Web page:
Saturday, September 22

Giant Leatherback Turtles


Leatherback Profiles

Local name
Penyu Belimbing

Shell length
150 - 180 centimetre

300 - 600 kilogramme

Black with white or grey patches

Mainly jellyfish




Average lifespan in the world

45 years (estimated)


6 ft (2 m)

Did you know?

The largest leatherback ever found was an 8.5-foot-long (2.6-meter-long) male weighing 2,020 pounds (916 kilograms) that washed up on the West Coast of Wales in 1988.

Protection status


The leatherback is the champion of sea turtles. It grows the largest, dives the deepest, and travels the farthest of all sea turtles. The leatherback turtle is the most unusual and distinctive of all sea turtles, as it is the only turtle that lacks a hard shell. Instead, this species has a large, elongate shell which is composed of a layer of thin, tough, rubbery skin, strengthened by thousands of tiny bone plates. Seven narrow ridges run down the length of the carapace, and the lower shell is whitish to black, and marked by five ridges. The body of a leatherback is barrel shaped, tapering at the posterior to a blunt point.
With this streamlined body shape and the powerful front flippers, a leatherback can swim thousands of miles across the open ocean and against fast currents. Leatherback turtles nest at intervals of two to three years. An average of six to nine egg clutches are laid approximately ten days between each nesting. Each clutch contains an average of 80 fertilized eggs the size of billiard balls and 30 smaller unfertilized eggs, which requires an approximately 65 days incubation period. The leatherback turtle can be found in tropical oceans, but they migrate to temperate waters to feed. In Malaysia, this species nest largely on the mainland beaches of Terengganu; especially along a 15 km stretch of beach centered at Rantau Abang.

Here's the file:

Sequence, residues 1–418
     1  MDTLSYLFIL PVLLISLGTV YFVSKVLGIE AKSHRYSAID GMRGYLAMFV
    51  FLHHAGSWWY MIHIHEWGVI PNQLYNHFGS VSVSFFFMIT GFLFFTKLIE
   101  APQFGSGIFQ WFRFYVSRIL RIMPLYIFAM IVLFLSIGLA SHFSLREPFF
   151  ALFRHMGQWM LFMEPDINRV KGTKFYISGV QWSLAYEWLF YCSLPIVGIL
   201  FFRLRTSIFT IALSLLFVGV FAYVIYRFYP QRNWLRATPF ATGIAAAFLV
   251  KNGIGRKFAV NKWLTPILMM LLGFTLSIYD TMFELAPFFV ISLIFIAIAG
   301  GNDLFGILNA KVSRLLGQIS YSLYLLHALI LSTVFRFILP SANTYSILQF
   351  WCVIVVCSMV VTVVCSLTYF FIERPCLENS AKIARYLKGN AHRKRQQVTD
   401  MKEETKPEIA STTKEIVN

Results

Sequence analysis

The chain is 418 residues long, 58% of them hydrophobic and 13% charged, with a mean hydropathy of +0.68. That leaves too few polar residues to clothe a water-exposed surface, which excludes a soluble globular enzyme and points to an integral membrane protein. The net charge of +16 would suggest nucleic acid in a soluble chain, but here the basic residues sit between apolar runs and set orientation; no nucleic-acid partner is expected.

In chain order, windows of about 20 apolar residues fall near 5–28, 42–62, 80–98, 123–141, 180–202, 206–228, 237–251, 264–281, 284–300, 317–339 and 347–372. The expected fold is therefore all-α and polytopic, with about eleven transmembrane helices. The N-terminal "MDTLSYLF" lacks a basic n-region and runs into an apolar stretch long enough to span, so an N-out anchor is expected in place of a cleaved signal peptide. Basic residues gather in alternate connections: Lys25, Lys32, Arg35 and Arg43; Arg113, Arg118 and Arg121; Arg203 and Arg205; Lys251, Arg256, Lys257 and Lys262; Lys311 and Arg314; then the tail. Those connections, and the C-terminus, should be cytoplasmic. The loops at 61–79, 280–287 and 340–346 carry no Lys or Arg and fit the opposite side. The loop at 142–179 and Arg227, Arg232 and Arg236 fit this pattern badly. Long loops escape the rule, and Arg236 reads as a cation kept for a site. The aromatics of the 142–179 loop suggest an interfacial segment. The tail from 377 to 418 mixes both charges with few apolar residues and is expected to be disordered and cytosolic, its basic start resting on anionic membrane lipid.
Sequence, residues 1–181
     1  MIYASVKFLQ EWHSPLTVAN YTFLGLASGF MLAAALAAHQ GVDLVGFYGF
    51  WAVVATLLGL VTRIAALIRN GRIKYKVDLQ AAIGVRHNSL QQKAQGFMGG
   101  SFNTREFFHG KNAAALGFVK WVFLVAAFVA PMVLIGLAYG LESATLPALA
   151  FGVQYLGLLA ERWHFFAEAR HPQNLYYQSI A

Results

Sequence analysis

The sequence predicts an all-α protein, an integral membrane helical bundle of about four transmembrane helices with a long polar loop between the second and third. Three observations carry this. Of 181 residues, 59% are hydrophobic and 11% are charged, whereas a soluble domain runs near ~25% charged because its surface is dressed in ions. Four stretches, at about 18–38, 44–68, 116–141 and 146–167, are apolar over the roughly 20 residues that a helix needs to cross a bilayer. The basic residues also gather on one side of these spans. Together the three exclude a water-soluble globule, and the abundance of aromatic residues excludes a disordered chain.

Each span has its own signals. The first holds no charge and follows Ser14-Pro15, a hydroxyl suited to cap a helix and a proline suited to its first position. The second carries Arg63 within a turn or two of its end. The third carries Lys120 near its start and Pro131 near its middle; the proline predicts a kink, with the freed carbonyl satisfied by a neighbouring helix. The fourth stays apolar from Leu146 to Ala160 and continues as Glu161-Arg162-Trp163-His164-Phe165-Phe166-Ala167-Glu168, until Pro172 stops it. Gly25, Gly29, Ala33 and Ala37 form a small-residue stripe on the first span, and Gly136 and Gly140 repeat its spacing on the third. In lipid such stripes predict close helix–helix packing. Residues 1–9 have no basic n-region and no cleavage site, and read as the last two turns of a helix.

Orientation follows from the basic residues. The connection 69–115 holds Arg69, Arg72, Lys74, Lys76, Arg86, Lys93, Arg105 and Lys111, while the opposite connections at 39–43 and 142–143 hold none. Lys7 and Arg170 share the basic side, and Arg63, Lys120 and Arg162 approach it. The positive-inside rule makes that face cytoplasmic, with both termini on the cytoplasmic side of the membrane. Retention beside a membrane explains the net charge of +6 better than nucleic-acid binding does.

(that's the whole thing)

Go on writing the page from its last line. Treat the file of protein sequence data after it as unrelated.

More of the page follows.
Leatherback sea turtles are among the most endangered animals on the planet. These reptilian relics, part of a family of turtles that lived over 100 million years ago, are the only remaining representatives of their genus. They survived the demise of the dinosaurs and now teeter on the brink of extinction themselves.Leatherbacks are the largest turtles on Earth,growing up to 8.5 feet (2.6 meters) in length and exceeding 2,000 pounds(907 kilograms).

They may live 45 years or more, but human threats, such as fishing lines and nets, mean most leatherbacks meet an early end.Other threats include illegal egg harvesting and loss of nesting habitat. Hatchlings often die when beachfront lighting draws them away from the ocean, and hundreds die at sea when they swallow floating plastic debris mistaken for their favorite food: jellyfish.In all, only about one in 1,000 leatherbacks survives to adulthood. The worldwide population is estimated at about 26,000 to 43,000 nesting females annually, but they are suffering exponential declines and are critically endangered throughout their range.While all other sea turtles have hard, bony shells, the smooth, black carapace of the leatherback is soft, almost rubbery to the touch.
They can dive 4,035 feet (1,230 meters) below the surface, deeper than any other turtle, and can stay down for up to 35 minutes.Their enormous range comprises the tropical and temperate waters of the Atlantic, Pacific, and Indian oceans. However, unlike other reptiles, their body temperature stays well above the surrounding water, and they have been found in the icy seas as far north as British Columbia, Canada, and as far south as the Cape of Good Hope, South Africa.

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